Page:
Just prior to the starting collapse of the music industry as we know it about 15 years ago or so, our music community got to sneak a few acts in the door before all hell broke loose.
As some of you may remember, toward the end of the '90s we had a couple of shots. Unfortunately, the lack of follow through on some of those shots (Rustic Overtones, As Fast As, 6Gig) was no fault of their own. After these bands got signed and found a groove, their record labels started changing and folding left and right, keeping our boys and girls from making a big deserving dent in the music world. Our bands got themselves there with great records and fantastic music only to see the entire music game change thanks to fiber optic network wires and clouds. Oh, and people starting to de-value music. Can’t forget that.
Into the 2000s, as the world started to download like their life depended on it, one more gang of young musicians from York got a quick go at it: Jeremiah Freed, a five-man rock band who played like they just rolled out of a studio in Muscle Shoals 45 years ago. This is a band who might have dared you on any given night to yell “Freebird” at a show of theirs and then would wipe that fake-ass smile off your face by blowing you away with their rendition. So much that you’d actually come to like the song and not use it to heckle anyone with again.
Signing a classic rock-inspired band of 19- and 20-year-olds from Maine to a major record label in 2001 (minutes prior to the time of the emo and Warped Tour-ish phase) might still seem like a chancy move. But a label heard great songs, a supremely gifted guitar player and recognized the favorable response to this band’s regional success. That label bit down, breathed in the weed off the band’s clothes, and took a shot.
Even though they made a go at it, played all around this great country of ours and laid out a big-time debut record, the Jeremiah Freed shot unfortunately didn’t last very long. Major labels aren’t ones to cuddle afterward. They hump and then throw on their black t-shirt and walk out the door if something’s not succeeding quick enough. They didn’t give Freed the proper development time, but that’s really been the way for too long with most big labels. Unfortunate for them, too, because just after their departure with the Universal Republic in 2002, Jeremiah Freed made their best music. Well, to date, back then.
I’ve been catching up a lot lately with an ace of a human being and the bassist from Jeremiah Freed, Matt Cosby. Now a super talented photographer clicking wonderful sights and people from coast to coast, Matt had something to play me toward the end of last Summer. It was the rough demos of new music from Jeremiah Freed. It was damn tasty too. Even in rough demo form. Seems the fellas are ready for a 2017 return of sorts.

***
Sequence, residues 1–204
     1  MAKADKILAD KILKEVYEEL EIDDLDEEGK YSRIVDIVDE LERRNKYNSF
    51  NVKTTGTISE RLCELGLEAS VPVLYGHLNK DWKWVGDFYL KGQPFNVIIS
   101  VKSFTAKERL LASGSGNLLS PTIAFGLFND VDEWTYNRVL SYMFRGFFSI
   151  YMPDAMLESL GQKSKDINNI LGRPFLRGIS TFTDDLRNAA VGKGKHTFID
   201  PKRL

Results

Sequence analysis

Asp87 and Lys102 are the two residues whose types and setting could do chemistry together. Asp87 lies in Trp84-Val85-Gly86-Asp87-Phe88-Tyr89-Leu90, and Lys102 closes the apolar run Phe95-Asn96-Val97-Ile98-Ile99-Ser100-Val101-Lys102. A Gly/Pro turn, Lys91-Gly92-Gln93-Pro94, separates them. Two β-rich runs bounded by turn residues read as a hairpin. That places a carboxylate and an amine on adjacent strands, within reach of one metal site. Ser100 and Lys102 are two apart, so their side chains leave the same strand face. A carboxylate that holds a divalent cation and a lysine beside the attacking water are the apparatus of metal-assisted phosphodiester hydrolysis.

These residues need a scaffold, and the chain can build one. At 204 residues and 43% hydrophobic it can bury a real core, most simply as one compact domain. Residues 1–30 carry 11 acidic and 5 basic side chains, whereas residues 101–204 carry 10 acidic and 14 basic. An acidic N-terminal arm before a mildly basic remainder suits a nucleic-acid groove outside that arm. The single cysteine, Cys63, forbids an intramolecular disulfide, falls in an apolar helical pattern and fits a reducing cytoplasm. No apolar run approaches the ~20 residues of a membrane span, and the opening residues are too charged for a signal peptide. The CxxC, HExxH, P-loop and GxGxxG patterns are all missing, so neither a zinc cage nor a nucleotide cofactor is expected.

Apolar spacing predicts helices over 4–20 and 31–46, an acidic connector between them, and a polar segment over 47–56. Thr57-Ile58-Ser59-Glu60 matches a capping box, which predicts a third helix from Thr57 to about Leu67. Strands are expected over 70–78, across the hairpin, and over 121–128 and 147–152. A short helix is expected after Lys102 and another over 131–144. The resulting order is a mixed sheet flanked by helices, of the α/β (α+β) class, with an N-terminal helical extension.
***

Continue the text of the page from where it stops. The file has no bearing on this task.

This summer, the band (with Andy Cosby on drums, replacing original drummer Kerry Ryan) will release a collection of brand new music. Regardless of the state of the industry, Freed just wanted to make and release new music. They aren’t doing it with silly expectations or specific goals. It’s just a band getting back together to make great music again, at this particular stage in their lives. As years matured and strengthened these guys as people, surely the sweet soulfulness of their brand of rock has ripened as well.
In my own ongoing series, stuck between the titles of, “I Once Caught A Fish This Big...” Or “Have I Got a Story For You”; Matt Cosby remembers a crazy moment (and the three days that followed) when the head of one of the biggest record labels in the world called during band practice.
This past March marks the 15th anniversary of our major label debut. With new music coming out this summer, it's fun to think back to the time when things really started to really pick up for us.
We used to practice in our singer Joe Smith's mom's basement. She would always flick the lights on and off if we were playing too loud or if she had extra food in her fridge that she needed us to eat before it went bad.
So it's a Friday afternoon and we're rehearsing and the lights flick on and off. We ask if we should turn down our amps and she yells down to us. "Ummm, there's this guy on the phone and he says he's the president of Universal Records, he wants to talk with all of you." We run up and it's Monte Lipman, President of Universal Republic Records. He tells us he's been listening to our music all week and he thinks we have a hit record. He requests we drive to NYC on Monday morning to sign a deal. "Bring five pens, our lawyers are already drawing up the contract," he said.
By the time Monday rolled around, pretty much every major label had heard that the president of Universal had called these five kids in York, Maine, and offered them a deal without even a showcase. So our manager lined up meetings with all the big labels and a bidding war broke out that day.
After much deliberation, we ended up signing with Monte and Universal! We went from practicing in a basement in Maine on Friday to signing a big deal and discussing who would produce and mix our record in a high rise in Manhattan on Monday.
Follow Matt’s photography at mattcosby.com and Jeremiah Freed as they gear up for their new release. www.facebook.com/
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